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Sid in his law office where he sits when meeting with clients. Observant eyes will notice the statuette of one of Sid's favorite Democrats.

Monday, October 06, 2014

Why Loss of Senate Would Carry Silver Linings for Obama - Republican-Controlled Congress Might Find It Easier to Compromise

Gerald Seib writes in The Wall Street Journal:
Republicans like their odds on taking control of the Senate in these midterm elections. “The tea leaves are clear: It is going to be a very good Republican cycle,” declares GOP pollster Bill McInturff, who helps conduct the Wall Street Journal/NBC News poll.
The Senate is the big prize in this fall’s voting, of course, and losing the chamber to Republicans, giving them full control of Congress, would represent a terrible outcome for the Democratic Party.
Oddly, though, it might not be such a bad outcome for one particular Democrat: President Barack Obama.
How can that be? A look back shows that eras of evenly divided power—Congress fully controlled by one party, the presidency by the other—have turned out to be among the most productive. And if you are a president yearning for elusive legislative achievements in the final two years of your term, anything that makes Washington more productive would be welcome, even if attaining some of that productivity required trimming your ideological sails.
When power is evenly split in Washington, both parties have to temper their policies. They can worry less about fully satisfying their ideological bases. When they have to compromise, it’s easier to say, “Hey, we had no choice. We have to put up with the other side.”
When the two parties have an equal share of power, they also have an equal share of responsibility for what does and doesn’t get done—and have to worry about taking the blame in the even more important 2016 election if things don’t get done. For Mr. Obama, in particular, full GOP control of Congress might well shift Republicans’ focus from stopping him to making things happen.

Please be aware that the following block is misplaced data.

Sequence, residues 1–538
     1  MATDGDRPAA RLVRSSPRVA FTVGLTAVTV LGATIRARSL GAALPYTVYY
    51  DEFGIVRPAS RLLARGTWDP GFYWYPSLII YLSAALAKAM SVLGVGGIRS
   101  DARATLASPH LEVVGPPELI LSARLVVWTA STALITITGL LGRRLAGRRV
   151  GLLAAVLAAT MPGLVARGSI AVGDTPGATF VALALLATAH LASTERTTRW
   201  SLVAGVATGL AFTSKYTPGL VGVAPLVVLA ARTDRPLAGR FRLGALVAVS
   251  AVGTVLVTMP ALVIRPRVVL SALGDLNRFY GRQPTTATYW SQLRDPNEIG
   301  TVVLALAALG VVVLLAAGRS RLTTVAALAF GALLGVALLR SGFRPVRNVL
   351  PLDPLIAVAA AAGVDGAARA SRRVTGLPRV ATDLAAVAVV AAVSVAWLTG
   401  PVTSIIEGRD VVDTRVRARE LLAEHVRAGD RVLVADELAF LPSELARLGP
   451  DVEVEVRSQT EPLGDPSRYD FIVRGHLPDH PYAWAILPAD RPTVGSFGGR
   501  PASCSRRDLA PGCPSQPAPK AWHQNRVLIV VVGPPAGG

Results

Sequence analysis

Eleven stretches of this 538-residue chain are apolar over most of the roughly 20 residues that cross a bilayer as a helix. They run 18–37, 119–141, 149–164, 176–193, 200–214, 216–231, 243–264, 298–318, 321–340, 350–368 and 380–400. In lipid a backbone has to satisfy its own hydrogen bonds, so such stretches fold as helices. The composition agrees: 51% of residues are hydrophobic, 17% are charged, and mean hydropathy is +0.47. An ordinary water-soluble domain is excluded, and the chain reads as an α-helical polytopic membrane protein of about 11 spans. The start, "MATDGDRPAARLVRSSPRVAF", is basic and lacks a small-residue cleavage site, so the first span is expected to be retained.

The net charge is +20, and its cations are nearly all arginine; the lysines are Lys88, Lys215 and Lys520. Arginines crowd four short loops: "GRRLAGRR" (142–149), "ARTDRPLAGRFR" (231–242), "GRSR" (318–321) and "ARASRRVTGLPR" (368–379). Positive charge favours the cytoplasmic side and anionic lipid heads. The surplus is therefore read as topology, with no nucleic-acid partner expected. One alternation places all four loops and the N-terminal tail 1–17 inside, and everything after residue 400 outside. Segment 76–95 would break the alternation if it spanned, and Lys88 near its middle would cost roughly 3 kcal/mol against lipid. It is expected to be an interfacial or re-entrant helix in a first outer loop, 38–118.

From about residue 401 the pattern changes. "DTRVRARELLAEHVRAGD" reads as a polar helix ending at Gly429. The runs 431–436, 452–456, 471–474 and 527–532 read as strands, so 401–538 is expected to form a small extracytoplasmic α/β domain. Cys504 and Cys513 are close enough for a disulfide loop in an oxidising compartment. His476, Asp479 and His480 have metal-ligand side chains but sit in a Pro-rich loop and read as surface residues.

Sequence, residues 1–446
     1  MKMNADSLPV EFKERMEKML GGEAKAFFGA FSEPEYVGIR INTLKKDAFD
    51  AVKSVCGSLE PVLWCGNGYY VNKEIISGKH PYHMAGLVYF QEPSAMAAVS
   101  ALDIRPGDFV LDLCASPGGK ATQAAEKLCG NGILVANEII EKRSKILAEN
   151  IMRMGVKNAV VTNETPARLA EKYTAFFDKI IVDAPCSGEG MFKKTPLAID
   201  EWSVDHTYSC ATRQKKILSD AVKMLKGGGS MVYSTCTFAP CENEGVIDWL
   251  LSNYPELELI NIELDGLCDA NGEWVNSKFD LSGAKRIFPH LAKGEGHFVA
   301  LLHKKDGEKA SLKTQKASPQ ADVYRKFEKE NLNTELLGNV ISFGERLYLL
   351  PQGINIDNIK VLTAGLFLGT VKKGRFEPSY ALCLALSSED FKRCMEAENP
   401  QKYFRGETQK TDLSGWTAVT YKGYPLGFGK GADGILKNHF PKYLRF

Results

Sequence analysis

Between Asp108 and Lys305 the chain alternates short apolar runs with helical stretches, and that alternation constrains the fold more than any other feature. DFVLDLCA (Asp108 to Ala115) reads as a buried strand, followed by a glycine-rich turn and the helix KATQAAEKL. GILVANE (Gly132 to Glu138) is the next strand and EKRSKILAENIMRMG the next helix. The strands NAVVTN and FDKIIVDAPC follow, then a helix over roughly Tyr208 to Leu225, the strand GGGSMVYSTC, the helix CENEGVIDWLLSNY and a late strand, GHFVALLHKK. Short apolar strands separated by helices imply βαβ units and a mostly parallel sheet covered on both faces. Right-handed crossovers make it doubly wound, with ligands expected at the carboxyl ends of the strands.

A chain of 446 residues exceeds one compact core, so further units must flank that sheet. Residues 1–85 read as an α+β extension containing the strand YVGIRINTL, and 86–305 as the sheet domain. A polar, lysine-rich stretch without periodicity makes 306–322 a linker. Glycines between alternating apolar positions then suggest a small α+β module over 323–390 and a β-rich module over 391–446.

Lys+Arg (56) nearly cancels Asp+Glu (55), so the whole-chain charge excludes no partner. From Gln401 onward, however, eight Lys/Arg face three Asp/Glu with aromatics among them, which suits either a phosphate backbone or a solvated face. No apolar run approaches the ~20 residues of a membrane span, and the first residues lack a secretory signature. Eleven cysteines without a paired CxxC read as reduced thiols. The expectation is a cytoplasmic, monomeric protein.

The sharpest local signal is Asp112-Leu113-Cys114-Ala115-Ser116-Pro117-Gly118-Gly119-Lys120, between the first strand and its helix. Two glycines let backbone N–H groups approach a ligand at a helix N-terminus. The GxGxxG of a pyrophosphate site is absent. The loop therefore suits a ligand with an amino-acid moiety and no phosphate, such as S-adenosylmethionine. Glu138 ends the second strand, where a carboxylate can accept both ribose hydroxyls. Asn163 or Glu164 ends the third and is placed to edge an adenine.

Mr. Obama also could deal more with Senate Republican Leader Mitch McConnell (assuming he wins his own tight re-election contest), who has shown that he can deliver on a deal, and less with House Speaker John Boehner, who has had a lot of trouble delivering his rambunctious House Republicans.
Meantime, the preoccupation of the House itself—already under Republican control and almost certain to remain comfortably so—likely would shift in some measure from dueling with the president to finding common ground with fellow Republicans in the Senate.
By no means should this suggest an outbreak of goodness and light with a switch of control in the Senate. Fights between Congress and the White House would erupt, brinkmanship would ensue, vetoes would be issued.
Moreover, if they have only narrow control of an unruly Senate, Republicans might not be able to control events at all. And maybe both sides would decide to merely posture in the run-up to 2016, or that they are better off delaying big decisions in hopes they get full control of both branches of government in that looming election.
Perhaps the biggest downside risk for the president would lie in the fact that, with the Senate majority, Republicans would have greater control of that chamber’s investigative machinery.
Still, substantive achievement can and does emerge from tension. To see how, merely look at the presidency of Bill Clinton, which Democrats remember fondly. Some of Mr. Clinton’s most notable achievements—a balanced budget, a welfare overhaul, badly needed changes to telecommunications law, a revamping of tax rates—took place when the Senate was in Republican hands.
Yes, Mr. Clinton was impeached by the Republican House along the way. But it was the Republican-controlled Senate that declined to convict him on those articles of impeachment—a step that cleared the way for a productive stretch run for the Clinton presidency.
In a new era of divided government, the most intriguing possibilities would lie in two areas: overhaul of the immigration system and a revamping of the tax code, at least the corporate tax. Both are badly needed. A clear majority in both parties readily acknowledges that.
What the two sides don’t agree on is how, precisely, to do those things. Democrats want a comprehensive immigration overhaul with a path to citizenship for illegal residents; Republicans want a piecemeal approach with no certain path to citizenship. Republicans want a revenue-neutral revision of the tax code; Democrats want one that adds revenue.
It’s a stalemate now on both fronts. But if the imperative to compromise were higher, because circumstances made it so, maybe the middle ground wouldn’t prove so elusive.
For Senate Democrats, loss of control would be a disaster. It would mean loss of committee chairmanships, loss of the ability to control the agenda, loss of some perks of power. For the Democratic president, it’s just possible there could be worse things.


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